Where I live, summer has arrived and this time of extended daylight hours invites more opportunities to enjoy leisure activities and social functions. I perceive that summertime used to symbolize a season to relax and kick back a bit, but it’s been many years that I’ve felt relaxed in any sense of the word. In fact, I believe it’s accurate to claim that many people have to make an effort to relax, which is definitely a contradiction in terms.
For myself, music allows me to explore worlds of emotions that belong only to me. When I need inspiration, when I need comfort, when I need hope, when I need peace, when I need to relax, music is my counsel. A staple for music that helps me relax is “Up on the Roof”. Though it is not his original song, the version by James Taylor is tied at the top of my list for musical therapy (Dan Fogelberg’s music is at the top of my list, as well). I continually thank these amazing artists and more for their counsel throughout my life.
So, through all of the nonstop action, long nights, lack of sleep, and limited times of relaxation, my soul feeds on music to help me through all of it. I’d anticipate others have their coping mechanisms to overcome their daily struggles. Music is “it” for me.
My dad celebrates his 74th Birthday this week. Happy 74th Birthday, Dad! Thanks for all that you do and all that you inspire us to do, Pops. Your genius, will power, passion, and desire to do what you believe, has no equal. Thank you for continually leading the way for our family.
"Up on the Roof" is a song written by Gerry Goffin and Carole King and recorded in 1962 by The Drifters: released late that year, the disc became a major hit in early 1963, reaching number 5 on the U.S. pop singles chart and number 4 on the U.S. R&B singles chart. In the UK it was a top ten success for singer Kenny Lynch, whose version was also released in 1962.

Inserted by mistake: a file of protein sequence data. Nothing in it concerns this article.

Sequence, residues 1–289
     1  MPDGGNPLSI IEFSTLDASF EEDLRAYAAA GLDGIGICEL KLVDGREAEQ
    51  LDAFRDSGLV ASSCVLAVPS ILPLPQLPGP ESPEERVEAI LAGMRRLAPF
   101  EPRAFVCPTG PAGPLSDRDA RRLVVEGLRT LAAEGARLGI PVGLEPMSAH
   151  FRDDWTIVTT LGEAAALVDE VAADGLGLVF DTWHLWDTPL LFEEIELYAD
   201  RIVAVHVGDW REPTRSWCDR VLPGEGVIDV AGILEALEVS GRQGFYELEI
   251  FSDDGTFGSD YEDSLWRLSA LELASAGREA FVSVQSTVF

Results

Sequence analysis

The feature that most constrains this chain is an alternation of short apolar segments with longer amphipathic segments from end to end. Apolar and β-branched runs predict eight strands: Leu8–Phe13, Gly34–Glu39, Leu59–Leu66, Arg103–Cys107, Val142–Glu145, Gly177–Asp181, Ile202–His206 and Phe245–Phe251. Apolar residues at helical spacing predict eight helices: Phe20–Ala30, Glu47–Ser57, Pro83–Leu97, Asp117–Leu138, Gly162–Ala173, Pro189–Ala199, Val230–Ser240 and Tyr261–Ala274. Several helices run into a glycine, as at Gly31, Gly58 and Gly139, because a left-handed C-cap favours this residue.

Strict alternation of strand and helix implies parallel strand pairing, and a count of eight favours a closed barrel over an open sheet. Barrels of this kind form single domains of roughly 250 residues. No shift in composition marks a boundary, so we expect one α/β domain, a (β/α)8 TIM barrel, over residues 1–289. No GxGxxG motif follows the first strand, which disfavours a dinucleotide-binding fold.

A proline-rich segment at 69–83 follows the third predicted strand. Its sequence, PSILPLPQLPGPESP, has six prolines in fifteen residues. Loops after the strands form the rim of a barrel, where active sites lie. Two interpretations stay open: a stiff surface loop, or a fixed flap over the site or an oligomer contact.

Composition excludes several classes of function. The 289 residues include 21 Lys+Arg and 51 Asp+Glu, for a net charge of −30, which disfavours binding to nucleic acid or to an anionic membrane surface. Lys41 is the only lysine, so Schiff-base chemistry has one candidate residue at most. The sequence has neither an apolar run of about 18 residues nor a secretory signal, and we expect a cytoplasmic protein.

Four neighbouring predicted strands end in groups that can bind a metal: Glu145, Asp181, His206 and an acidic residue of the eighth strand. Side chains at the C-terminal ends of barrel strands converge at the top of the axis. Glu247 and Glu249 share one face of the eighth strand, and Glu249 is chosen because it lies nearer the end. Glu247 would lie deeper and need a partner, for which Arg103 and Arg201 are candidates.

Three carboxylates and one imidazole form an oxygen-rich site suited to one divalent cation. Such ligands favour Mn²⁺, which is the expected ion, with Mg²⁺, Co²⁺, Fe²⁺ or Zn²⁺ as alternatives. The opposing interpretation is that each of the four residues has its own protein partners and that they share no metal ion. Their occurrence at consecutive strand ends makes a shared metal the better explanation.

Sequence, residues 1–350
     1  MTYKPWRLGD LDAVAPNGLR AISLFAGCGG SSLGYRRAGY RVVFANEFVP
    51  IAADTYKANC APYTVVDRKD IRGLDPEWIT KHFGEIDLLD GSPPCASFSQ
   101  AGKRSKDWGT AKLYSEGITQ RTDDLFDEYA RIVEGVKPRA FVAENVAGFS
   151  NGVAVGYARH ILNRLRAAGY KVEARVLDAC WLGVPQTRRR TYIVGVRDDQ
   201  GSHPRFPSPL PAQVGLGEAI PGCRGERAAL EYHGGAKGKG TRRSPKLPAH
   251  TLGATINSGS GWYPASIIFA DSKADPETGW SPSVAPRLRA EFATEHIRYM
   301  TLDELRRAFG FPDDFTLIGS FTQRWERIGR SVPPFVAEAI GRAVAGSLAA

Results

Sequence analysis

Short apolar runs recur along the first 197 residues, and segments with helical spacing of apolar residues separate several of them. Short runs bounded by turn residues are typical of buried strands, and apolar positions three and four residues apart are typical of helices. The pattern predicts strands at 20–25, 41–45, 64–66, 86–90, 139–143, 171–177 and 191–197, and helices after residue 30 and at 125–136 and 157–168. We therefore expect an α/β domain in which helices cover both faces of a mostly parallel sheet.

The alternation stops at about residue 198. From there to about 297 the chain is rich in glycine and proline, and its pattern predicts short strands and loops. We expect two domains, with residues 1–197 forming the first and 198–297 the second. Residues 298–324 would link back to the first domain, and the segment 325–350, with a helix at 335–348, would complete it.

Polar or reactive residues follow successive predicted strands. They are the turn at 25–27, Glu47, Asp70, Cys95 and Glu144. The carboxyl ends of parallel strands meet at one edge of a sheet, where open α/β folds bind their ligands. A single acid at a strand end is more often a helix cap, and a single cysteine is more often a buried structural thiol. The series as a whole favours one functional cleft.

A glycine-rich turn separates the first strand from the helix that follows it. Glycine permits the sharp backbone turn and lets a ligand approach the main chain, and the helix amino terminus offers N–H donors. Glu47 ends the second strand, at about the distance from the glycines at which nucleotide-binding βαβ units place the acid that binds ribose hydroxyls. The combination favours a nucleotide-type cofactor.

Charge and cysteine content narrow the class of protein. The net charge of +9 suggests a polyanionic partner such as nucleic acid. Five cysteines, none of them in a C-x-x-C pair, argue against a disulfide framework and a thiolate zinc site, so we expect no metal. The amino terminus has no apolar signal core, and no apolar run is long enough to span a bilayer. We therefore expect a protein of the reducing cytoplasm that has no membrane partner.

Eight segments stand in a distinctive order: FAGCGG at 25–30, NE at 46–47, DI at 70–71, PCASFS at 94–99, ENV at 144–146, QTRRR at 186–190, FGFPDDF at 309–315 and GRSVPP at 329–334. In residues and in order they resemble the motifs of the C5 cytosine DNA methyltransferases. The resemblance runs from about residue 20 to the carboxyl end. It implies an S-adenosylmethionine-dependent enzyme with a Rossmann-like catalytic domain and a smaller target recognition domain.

James Taylor, who had played guitar on Carole King's remake of "Up on the Roof" on her album Writer and who had performed a duet with King on the song at her Carnegie Hall concert of June 18, 1971, remade "Up on the Roof" for his 1979 album release Flag. Issued as the album's lead single, Taylor's version of "Up on the Roof" evidenced the eclipsing of Taylor's impact as a mainstream hit maker by peaking at number 28 in July 1979 (the lead single from Taylor's precedent album JT, a remake of "Handy Man", had peaked at number 4.) Although Taylor reached number 11 in 1981 with his duet with J.D. Souther entitled "Her Town Too", "Up on the Roof" remained Taylor's final Top 40 hit as a soloist. Rearranged around Taylor's trademark acoustic guitar playing and vocal accents and interjections, his version of "Up on the Roof" became a concert staple, often with a star-lit urban dreamscape presented behind the stage halfway through the number as his band played unison ascending notes to echo the song's theme. It was included on his 1993 live album (LIVE) and his 2000 Greatest Hits Volume 2 compilation and was played at The Concert For New York City following the September 11, 2001, terrorist attacks where he introduced it as representing his and the writers' positive feelings for the city. Taylor and King performed the song together, switching back and forth from one's arrangement to the other, as the first encore during their 2010 Troubadour Reunion Tour shows.
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